Mardi Gras parades through the streets of New Orleans.Cemeteries: Cities of the DeadNew Orleans’s famous “Cities of the Dead” are both impressive and practical. Many believe that traditional underground graves were eschewed due to the city’s high water table. Their similarity to the famed Père-Lachaise cemetery in Paris, though, lends credence to some historians’ insistence that the above-ground tombs were merely built in the French and Spanish tradition. Learning the details of the mourning traditions and burial practices (what exactly happens inside those tombs, anyway?) is quite fascinating, so taking a professional cemetery tour is well worth it (and that’s the only way to get into St. Louis No. 1, so be sure to book one in advance). All of these cemeteries are still in use, so keep in mind that these are sacred places, worthy of respect. Marking or otherwise vandalizing tombs, or taking souvenirs, is both insolent and illegal. Also see Lafayette Cemetery No. 1, p 53. This tour crosses town to view both famous and lesser-known cemeteries. A Jazzy Pass (p 165) and a good pair of walking shoes will get you to all of them in a day. START: Our Lady of Guadalupe Chapel, 411 N. Rampart St., at the edge of the French Quarter.

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Medium 9781628871609

3 Los Angeles Essentials

Christine Delsol FrommerMedia ePub

3

Los Angeles Essentials

by Christine Delsol

Los Angeles is the second-largest city in the nation, and unlike most other major U.S. cities, it came of age with the automobile. That, combined with the vast valley it occupies, has created an endless thicket of freeways, shifting neighborhood boundaries and punishing distances that can be confounding for a visitor. This chapter will help you navigate and find places to stay and dine.

Getting There

By Air

Of the five L.A.-area airports, most visitors fly into Los Angeles International Airport (www.lawa.org/lax;  310/646-5252), or LAX. The world’s sixth-largest airport in number of passengers carried, it lies oceanside between Marina del Rey and Manhattan Beach, within minutes of Santa Monica and nearby beaches, and about a half-hour from Downtown, Hollywood, and the Westside (depending, as always, on traffic). Free shuttle buses connect the nine terminals. Travelers with disabilities may request special accessible minibuses when they check in.

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Medium 9781628872163

9 USEFUL TERMS & PHRASES

Patricia Harris FrommerMedia ePub

9

Useful Terms & Phrases

Most Spaniards are very patient with foreigners who try to speak their language. That said, you might encounter several difficult regional languages and dialects in Spain: In Catalonia, they speak Catalan (the most widely spoken non-national language in Europe); in the Basque Country, they speak Euskera; in Galicia, you’ll hear Gallego. However, Castilian Spanish (Castellano, or simply Español) is understood everywhere; for that reason, we’ve included a list of simple words and phrases in Spanish to help you get by.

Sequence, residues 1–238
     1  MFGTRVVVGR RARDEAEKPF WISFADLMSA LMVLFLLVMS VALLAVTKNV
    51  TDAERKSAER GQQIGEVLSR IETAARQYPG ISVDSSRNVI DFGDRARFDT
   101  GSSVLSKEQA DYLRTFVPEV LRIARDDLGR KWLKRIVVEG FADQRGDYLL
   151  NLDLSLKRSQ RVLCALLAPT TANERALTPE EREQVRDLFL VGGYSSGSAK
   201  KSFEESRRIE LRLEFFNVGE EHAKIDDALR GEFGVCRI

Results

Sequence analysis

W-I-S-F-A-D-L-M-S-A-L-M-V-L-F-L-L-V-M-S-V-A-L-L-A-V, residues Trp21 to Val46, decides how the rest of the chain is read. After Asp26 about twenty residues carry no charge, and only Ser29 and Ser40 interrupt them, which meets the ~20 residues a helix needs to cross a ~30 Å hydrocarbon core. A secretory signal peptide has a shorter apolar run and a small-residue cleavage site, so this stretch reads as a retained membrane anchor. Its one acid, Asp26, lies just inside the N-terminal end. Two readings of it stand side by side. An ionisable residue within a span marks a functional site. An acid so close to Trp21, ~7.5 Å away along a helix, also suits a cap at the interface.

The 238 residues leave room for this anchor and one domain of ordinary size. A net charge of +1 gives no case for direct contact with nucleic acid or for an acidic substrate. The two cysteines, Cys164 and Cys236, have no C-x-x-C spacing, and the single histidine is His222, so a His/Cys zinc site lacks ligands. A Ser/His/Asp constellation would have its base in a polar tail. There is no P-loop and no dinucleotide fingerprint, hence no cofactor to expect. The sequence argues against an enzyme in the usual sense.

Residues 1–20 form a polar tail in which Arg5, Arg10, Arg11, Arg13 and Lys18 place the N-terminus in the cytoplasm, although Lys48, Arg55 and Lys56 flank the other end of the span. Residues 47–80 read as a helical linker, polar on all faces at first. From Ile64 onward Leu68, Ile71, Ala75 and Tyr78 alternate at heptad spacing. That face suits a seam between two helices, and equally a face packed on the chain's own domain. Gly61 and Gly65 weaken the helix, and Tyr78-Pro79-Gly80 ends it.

Basic Words & Phrases

English

Spanish

Pronunciation

Good day

Buenos días

bweh -nohs dee -ahs

How are you?

¿Cómo está?

koh -moh es- tah

Very well

Muy bien

mwee byehn

Thank you

Gracias

grah -syahs

You’re welcome

De nada

deh nah -dah

Goodbye

Adiós

ah- dyohs

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Medium 9781628871289

2 The Best Special-Interest Tours: Grand Canal, Byzantine Venice, Venice's Best Churches, Art in Venice, Places to Escape Crowds, Venice's Best Squares, Venice's Memorable Views

Stephen Brewer FrommerMedia ePub

Take a gondola ride in the back-alley canals of Venice.The Grand CanalMain Street for Venetians is the Grand Canal, an S-shaped, 2-mile-long stretch of busy waterway between San Marco and the train station. Commerce has long thrived on the canal, and for centuries, nobility built their palaces on the banks. The half-hour vaporetto trip up the canal not only reveals the city’s past grandeur, but also provides an exhilarating look at life in present-day Venice. START: Vaporetto from San Marco/Vallaresso toward Piazzale Roma.Dogana da Mar. Dogana da Mar. The 15th-century triangular Customs house at the entrance to the Grand Canal was at one time a mandatory stop for all vessels entering Venice. Adjacent warehouses are now filled with the works of the Centro d’Arte Contemporanea de Punta della Dogana. Santa Maria della Salute. A baroque fantasy in white marble, this church designed by Baldassare Longhena and built as an offering to end an outbreak of the plague hints at the architectural wonders that line the canal ahead.

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Medium 9781628871203

5 Portland